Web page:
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“I’m holding myself back.” A Self Reflection Process
Some people notice a thought or behavior and they recognize that it is self-sabotaging. That shows good awareness. But the next thought they have is a criticism and it interrupts the observation. The criticism sounds something like, “That’s a negative thought.” “I shouldn’t be so negative.” “I need to be more positive.” “If I keep thinking like this, I’ll never get anywhere.” “I’m holding myself back.” Once the judgmental commentary or criticism begins, the benefits of awareness and self-reflection cease.
Perhaps we are aware of a behavior: we procrastinate, waste time surfing the internet or don’t finish what we planned. As a result, we don’t achieve our goals, or effect personal change. Then our mind throws in the comment, “I hold myself back.” I’ll work with this thought to show what a self reflective process might look like, when not corrupted with distractions.
What it means to “Hold myself back.”
Looking more closely at this statement and its attendant feelings, we can see three different aspects in conflict. First, there is a part doing the holding. This is the “I hold” part of the statement. The second part is the “myself” that feels held back. The third part precedes the other two and is drowned out in the reaction. It is the part that desires change and wants to go forward with action. It is not mentioned in the comment “I hold myself back,” and so our attention is withdrawn from it. Yet, it is the truest expression of our wishes, the one we started with before the distortions happened.
There are likely at least three emotions present as well. There is the desire to change. The second is the resistance and fear of change, which stops and holds “me” back. Then there is the feeling of being trapped, powerless or weak, in response to the sense of being controlled or held back by the fear.
There is usually another layer that follows as well. This is when we engage in self-criticism and self-rejection. It might be embedded within the statement, “I hold myself back,” just by means of tone or attitude. The tone implies, “I’m doing something wrong,” or “I’m so stupid for doing this.” The message might also be silent, right after the statement of disgust or frustration. In any case, there can be more emotions and agreements/beliefs than just the three. Sometimes people are in this state as they observe the thought, “I hold myself back,” and they think they are being self-reflective. They are not. If you are expressing disgust or condemnation for a thought or an action as you observe it, then it is not really a reflective process. It is an expression of rejection and is an emotional creation in its own right.
Succumbing to the resistance and fear may cause self-judgment. It says we are weak, undisciplined, and other things like that. This causes the Victim part of our mind to agree, often silently, as it is trained to take such abuse with 100% acquiescence. It’s incredibly disciplined that way, yet we convince ourselves with a story that we are not. Since the habit works against us, we don’t notice our own strength within it. This self-rejection issue causes us to expend energy and will have to be addressed separately. The pertinent point is that once we are engaged in these self-criticizing behaviors, we are no longer being self-reflective or aware. We are removed from a state of consciousness or clarity that would benefit us. Even in this paragraph, we have wandered off from any reflection on that one negative thought we started with.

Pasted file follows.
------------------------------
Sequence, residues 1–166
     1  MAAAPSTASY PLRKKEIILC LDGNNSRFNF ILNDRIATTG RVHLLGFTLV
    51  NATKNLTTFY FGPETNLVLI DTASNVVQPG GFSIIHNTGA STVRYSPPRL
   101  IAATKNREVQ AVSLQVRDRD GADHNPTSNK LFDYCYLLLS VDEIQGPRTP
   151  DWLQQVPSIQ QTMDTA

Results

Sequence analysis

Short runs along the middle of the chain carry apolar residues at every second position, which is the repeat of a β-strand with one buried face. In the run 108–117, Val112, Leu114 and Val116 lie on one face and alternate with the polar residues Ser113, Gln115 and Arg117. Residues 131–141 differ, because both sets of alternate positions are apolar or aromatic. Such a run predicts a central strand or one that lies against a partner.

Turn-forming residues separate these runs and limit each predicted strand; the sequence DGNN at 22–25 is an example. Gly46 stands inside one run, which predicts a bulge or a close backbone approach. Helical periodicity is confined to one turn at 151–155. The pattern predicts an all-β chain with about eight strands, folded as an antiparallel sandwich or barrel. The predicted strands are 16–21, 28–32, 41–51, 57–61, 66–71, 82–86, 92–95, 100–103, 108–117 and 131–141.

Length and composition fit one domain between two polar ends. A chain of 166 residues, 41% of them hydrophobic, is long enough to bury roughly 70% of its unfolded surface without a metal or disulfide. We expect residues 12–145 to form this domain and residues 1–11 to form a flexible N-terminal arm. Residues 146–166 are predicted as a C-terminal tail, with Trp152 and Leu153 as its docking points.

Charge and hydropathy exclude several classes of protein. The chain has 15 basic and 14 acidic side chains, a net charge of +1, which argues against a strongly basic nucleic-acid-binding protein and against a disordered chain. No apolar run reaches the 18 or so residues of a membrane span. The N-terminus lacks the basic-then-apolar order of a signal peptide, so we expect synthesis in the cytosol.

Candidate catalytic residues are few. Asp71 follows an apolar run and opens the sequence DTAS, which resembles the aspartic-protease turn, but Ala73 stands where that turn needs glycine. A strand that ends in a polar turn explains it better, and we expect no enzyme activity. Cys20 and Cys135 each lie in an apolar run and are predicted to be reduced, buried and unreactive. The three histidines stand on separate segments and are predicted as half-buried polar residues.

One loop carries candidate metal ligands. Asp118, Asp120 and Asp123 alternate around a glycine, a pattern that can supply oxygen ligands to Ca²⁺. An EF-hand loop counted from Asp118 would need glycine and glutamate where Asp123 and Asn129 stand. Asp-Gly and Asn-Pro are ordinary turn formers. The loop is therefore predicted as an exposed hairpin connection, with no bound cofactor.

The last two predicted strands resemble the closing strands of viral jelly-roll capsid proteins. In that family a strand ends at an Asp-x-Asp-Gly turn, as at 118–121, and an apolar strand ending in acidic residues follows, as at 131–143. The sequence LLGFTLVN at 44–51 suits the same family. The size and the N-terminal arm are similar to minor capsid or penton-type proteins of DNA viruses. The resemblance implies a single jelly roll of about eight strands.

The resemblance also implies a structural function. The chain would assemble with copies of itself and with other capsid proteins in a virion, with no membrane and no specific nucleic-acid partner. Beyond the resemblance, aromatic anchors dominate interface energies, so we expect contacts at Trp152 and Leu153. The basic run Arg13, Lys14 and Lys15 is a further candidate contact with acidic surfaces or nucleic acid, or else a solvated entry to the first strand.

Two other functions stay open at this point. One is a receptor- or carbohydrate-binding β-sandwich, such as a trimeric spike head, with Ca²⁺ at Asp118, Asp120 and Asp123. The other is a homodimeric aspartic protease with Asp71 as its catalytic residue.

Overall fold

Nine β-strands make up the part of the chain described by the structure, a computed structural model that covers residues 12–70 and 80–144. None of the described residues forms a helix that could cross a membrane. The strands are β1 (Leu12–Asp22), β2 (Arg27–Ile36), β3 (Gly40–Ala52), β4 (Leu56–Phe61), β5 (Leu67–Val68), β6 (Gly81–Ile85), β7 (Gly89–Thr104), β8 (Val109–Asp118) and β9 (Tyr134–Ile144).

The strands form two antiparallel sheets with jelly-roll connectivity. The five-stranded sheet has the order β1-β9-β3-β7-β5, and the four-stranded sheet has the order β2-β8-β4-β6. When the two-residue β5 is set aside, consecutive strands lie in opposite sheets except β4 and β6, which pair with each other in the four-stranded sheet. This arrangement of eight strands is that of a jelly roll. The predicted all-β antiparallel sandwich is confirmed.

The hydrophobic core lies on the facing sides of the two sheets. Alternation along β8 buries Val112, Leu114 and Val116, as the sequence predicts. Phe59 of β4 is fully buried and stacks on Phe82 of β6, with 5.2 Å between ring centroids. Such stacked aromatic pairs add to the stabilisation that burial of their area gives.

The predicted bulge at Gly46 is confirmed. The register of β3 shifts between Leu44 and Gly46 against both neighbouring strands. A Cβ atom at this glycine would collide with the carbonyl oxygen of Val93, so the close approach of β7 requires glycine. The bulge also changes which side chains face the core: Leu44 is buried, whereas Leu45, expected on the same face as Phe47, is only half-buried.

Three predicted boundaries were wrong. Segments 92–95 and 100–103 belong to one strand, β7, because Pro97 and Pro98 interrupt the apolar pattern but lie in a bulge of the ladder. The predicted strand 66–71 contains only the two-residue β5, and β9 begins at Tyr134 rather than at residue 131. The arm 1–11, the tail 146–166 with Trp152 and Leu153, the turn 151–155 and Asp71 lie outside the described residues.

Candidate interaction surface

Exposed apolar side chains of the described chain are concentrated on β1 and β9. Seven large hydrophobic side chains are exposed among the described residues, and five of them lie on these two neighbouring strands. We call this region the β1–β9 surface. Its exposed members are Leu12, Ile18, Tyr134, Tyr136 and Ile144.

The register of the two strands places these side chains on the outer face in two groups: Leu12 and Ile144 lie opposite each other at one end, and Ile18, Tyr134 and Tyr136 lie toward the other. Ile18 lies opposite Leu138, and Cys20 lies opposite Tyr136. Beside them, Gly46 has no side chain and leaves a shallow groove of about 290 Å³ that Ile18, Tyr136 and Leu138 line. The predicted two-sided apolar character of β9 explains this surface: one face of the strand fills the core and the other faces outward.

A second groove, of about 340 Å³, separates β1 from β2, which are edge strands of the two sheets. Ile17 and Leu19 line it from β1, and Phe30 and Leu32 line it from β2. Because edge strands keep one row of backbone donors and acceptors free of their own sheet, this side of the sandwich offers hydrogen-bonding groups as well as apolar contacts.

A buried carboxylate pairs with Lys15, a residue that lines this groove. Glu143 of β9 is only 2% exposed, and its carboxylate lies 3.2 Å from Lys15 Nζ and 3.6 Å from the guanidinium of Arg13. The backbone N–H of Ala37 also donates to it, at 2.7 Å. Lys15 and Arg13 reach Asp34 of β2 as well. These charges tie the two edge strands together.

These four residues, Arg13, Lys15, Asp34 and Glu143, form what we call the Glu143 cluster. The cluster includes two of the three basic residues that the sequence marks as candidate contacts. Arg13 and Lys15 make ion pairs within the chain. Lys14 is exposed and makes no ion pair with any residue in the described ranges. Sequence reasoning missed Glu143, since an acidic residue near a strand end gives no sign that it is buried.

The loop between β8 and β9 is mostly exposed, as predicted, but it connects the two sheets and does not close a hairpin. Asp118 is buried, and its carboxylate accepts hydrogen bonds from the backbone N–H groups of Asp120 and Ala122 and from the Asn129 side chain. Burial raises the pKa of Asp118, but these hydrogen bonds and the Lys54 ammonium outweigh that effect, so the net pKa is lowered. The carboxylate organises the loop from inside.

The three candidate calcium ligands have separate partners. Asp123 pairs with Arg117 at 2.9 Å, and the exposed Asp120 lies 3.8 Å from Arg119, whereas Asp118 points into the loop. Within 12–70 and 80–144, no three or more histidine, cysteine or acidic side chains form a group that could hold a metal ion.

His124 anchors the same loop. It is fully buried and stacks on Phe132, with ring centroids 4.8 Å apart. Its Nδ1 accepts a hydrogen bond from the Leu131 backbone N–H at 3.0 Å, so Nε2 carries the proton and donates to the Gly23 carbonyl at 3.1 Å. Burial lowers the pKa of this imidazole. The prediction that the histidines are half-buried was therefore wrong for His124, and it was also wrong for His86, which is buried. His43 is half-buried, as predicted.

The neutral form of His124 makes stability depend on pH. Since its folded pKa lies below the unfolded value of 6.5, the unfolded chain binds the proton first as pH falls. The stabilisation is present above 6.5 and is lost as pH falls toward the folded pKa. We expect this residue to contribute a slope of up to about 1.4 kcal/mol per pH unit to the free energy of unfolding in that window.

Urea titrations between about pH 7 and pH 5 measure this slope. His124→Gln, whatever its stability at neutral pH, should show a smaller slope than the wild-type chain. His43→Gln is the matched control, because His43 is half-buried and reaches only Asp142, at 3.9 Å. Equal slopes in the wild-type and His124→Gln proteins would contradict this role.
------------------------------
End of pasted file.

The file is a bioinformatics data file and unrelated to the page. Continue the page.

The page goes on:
Which one is me, or are any of them me?
With all these different thoughts and feelings coming from different parts of our “self,” we can get lost wondering who we really are. Authentically, am I the part that wants to make the change? Or am I the one who is afraid, resists, and “holds back” the change? Or am I the one who feels powerless because of some socialized fear from childhood that has me trapped? Or is the real “me” aligned with the Judge or Victim comments about my procrastination and self-sabotage? Or, maybe, and this is one of the last options we would consider, maybe I have more to do with the awareness that observed these desires and comments? Sometimes you find your Self in the last place you look.
The question, Who is the Real “I”, can be a not very merry-go-round that makes us dizzy. In this loop of questions with different answers, we are no longer effectively engaging in self-reflection, we are just spinning and creating the feeling of confusion. What is needed is a centered state of mind with fewer stories, and more silence, from which to observe these different impulses. This centered state isn’t something we are born with. It is something we have to develop with practice.
There is more which Holds our Self Back
As we pursue these questions of self, we might wonder if we are spiritually evolved. But we might also consider that we are just distracting ourselves from looking more deeply into the fear and resistance that does the holding. Breaking down the fear and resistance into component parts will yield the most forward progress. In the same way we took the thought about holding ourselves back and found three different aspects of the mind with different emotions we can find the component parts of the fear as well.
For this inventory, it will help to have a system that maps these different thoughts and stories. Without a system that tracks these different impulsive thoughts and the parts of our mind which claim to be “me,” our attention gets tangled in a string of thoughts, each one taking us on an emotional ride. In short time we are thinking about something else and no longer reflecting on the real problematic fear within the first thought. Now it is simply distraction that is “holding us back.” The Self Mastery course provides a system to separate out these different impulses and thoughts, so you can maintain a centered perspective. With a method to keep what goes on in your head organized, you aren’t as likely to get confused, distracted, or overwhelmed.